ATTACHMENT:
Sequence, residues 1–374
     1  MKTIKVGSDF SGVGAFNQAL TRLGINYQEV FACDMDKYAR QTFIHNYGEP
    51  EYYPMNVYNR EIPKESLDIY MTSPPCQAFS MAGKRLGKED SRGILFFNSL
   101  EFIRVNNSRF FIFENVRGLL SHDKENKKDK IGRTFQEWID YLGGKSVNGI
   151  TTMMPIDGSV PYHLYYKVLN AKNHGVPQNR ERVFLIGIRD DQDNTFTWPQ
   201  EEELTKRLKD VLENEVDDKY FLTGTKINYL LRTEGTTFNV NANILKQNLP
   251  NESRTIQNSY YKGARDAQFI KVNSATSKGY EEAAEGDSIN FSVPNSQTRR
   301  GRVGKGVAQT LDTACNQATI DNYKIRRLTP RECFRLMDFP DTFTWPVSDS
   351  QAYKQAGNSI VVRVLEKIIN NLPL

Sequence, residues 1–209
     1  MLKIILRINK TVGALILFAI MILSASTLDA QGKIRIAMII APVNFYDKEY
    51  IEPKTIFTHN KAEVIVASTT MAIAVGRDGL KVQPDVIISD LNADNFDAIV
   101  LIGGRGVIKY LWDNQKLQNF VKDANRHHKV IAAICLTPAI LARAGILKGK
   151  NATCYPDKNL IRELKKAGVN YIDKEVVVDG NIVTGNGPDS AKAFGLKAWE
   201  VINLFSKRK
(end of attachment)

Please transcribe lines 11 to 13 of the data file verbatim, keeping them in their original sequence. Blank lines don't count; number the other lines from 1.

     1  MLKIILRINK TVGALILFAI MILSASTLDA QGKIRIAMII APVNFYDKEY
    51  IEPKTIFTHN KAEVIVASTT MAIAVGRDGL KVQPDVIISD LNADNFDAIV
   101  LIGGRGVIKY LWDNQKLQNF VKDANRHHKV IAAICLTPAI LARAGILKGK